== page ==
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Old 01-07-2016, 08:04 PM
 
Location: VT; previously MD & NJ
2,236 posts, read 1,371,809 times
Reputation: 6473

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Quote:
Originally Posted by Escort Rider View Post
I have to shake my head at the idea of a campaign to increase Social Security benefits. The real issue is how to sustain the current benefits for the long run. So where will the funding come from in order to increase the benefits? Such talk is pandering to the lowest common denominator, and it only encourages those who think they should be guaranteed the lifestyle of their choosing for as long as they live.
I agree.
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Old 01-07-2016, 08:20 PM
 
Location: Tennessee
23,767 posts, read 17,704,665 times
Reputation: 27821
Quote:
Originally Posted by TuborgP View Post
A topic related article that really is topic related whether you agree or disagree.
Conservatives are still trying to prove there's no retirement crisis -- but workers may know better - LA Times
I don't think the average person is going to do okay in retirement, but SS has become so mismanaged and people have, unfortunately, come to see it as their main or sole retirement solution.

There are many, many people out there who didn't save amply, probably on the logic SS would take care of them.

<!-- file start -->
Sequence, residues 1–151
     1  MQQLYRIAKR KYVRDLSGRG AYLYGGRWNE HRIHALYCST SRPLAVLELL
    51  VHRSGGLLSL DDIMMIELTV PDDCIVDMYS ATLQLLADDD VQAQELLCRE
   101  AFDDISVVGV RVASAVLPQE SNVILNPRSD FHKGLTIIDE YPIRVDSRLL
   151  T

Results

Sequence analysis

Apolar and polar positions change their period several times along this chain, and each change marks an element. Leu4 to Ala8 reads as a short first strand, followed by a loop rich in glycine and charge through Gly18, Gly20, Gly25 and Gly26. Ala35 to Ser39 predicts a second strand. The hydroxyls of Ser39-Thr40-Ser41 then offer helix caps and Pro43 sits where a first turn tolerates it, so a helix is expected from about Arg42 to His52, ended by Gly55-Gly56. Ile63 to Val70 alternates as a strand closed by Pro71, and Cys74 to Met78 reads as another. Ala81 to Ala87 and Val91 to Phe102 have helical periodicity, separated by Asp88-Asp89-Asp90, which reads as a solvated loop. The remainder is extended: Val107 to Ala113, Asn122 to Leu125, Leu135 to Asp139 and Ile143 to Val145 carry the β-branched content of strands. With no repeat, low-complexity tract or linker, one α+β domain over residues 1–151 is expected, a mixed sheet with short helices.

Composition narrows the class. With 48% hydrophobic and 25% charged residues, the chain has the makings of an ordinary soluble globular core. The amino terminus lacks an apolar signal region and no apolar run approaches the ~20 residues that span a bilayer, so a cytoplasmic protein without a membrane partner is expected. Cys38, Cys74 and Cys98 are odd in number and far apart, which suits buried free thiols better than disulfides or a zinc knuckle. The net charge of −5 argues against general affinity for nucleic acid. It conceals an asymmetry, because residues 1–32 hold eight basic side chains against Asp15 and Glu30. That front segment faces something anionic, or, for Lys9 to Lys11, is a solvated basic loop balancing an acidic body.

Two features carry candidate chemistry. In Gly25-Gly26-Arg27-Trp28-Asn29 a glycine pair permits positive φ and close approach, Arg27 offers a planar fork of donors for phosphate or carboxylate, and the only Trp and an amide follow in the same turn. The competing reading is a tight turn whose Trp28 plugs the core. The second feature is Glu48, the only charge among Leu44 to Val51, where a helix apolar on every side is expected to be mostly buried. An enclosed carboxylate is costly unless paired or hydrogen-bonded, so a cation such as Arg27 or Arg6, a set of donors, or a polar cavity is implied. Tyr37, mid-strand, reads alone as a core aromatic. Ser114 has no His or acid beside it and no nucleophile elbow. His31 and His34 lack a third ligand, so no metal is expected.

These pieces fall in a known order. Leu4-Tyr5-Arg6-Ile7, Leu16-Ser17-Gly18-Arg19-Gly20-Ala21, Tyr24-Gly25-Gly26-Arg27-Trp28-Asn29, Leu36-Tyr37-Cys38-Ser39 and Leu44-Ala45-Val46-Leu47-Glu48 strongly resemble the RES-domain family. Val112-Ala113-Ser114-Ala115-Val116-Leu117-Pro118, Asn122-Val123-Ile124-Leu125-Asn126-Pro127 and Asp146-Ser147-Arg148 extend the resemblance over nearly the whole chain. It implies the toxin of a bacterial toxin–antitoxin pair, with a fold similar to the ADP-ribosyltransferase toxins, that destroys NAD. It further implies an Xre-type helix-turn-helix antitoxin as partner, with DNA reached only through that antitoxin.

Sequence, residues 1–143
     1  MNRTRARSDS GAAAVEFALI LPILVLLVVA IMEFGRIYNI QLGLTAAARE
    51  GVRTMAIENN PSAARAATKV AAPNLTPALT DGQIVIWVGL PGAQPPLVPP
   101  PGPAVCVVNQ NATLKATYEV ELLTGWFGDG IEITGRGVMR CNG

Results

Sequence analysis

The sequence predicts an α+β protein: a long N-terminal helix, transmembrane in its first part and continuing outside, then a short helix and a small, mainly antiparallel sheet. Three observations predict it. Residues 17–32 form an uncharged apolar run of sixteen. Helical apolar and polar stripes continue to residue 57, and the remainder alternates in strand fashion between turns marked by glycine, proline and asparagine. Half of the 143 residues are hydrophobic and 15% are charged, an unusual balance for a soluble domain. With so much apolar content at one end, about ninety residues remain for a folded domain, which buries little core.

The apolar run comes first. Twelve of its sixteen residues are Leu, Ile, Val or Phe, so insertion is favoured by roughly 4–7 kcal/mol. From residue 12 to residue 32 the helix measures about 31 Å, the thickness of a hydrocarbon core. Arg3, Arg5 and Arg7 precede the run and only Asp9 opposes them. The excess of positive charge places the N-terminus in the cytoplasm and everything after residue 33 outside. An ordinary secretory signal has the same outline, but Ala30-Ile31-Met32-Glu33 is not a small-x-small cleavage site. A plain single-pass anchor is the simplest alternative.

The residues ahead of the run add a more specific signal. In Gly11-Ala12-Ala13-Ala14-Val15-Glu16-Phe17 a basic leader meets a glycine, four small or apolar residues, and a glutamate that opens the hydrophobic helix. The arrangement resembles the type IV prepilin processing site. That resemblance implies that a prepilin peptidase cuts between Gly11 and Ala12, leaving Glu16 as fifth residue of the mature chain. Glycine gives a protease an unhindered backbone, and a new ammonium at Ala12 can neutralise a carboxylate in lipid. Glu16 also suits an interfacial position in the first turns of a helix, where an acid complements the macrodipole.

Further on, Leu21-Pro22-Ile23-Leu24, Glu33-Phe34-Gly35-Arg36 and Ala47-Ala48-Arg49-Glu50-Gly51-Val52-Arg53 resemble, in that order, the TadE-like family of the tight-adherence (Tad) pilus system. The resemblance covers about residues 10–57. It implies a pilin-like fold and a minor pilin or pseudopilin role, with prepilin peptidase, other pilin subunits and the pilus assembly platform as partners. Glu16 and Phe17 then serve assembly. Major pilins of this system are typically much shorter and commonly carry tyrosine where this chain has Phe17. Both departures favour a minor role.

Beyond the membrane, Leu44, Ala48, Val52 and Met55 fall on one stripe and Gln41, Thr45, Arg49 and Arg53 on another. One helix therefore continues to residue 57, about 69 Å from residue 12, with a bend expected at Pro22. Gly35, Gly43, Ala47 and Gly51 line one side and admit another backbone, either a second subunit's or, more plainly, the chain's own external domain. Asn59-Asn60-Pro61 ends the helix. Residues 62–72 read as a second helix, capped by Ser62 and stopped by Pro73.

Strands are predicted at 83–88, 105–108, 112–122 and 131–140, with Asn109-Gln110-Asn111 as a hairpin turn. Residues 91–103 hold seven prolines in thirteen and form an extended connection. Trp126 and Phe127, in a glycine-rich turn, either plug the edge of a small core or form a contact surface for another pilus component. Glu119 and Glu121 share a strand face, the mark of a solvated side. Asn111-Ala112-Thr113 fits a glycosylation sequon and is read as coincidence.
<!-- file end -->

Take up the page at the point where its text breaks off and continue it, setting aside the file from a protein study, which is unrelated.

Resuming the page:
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Old 01-07-2016, 10:02 PM
 
Location: Wasilla, AK
7,347 posts, read 4,205,261 times
Reputation: 16050
Quote:
Originally Posted by jlawrence01 View Post
Often, employees take the lump sum as it is a great way to purchase those large ticket items that they did not save for. For example, when Procter & Gamble spun off their orange juice assets about 15 years ago, the local Florida Ford dealership experienced a mini boom.

As for Kodak, the total pension liability was 86% covered with $4.9B in assets to cover $5.6b in benefits.

Statement from PBGC on Bankruptcy Filing of Kodak Corporation

In other words, Kodak pensioners will get nearly all the benefits they were promised.

I'd like to see the assumptions those Kodak figures are based on. All too often, plan income expectations are way too optimistic and actuarial calculations underestimate longevity. And then there is the possibility of the government raiding stronger plans in order to prop up weaker ones.
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Old 01-07-2016, 10:02 PM
 
Location: SoCal
13,435 posts, read 6,428,145 times
Reputation: 10018
Quote:
Originally Posted by TuborgP View Post
Ummm not sure about paying since I read online for free. As far as reading BS is that your summation after reading the link? The bankruptcy was with their parent company and they came out of that in 2012. Am I missing something more current? If so please link so I can put all in perspective. Isn't all of this more about the message and not the messenger?
Sorry TurboP, I didn't read closely, it's not you, it's my general disliking for the latimes. I think I meant get them as a daily paper.
This is what I've heard recently on the news.
http://www.nytimes.com/2015/09/21/bu...tent.html?_r=0
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Old 01-08-2016, 01:07 AM
 
33,046 posts, read 22,143,580 times
Reputation: 8970
Quote:
Originally Posted by Serious Conversation View Post
I don't think the average person is going to do okay in retirement, but SS has become so mismanaged and people have, unfortunately, come to see it as their main or sole retirement solution.

There are many, many people out there who didn't save amply, probably on the logic SS would take care of them.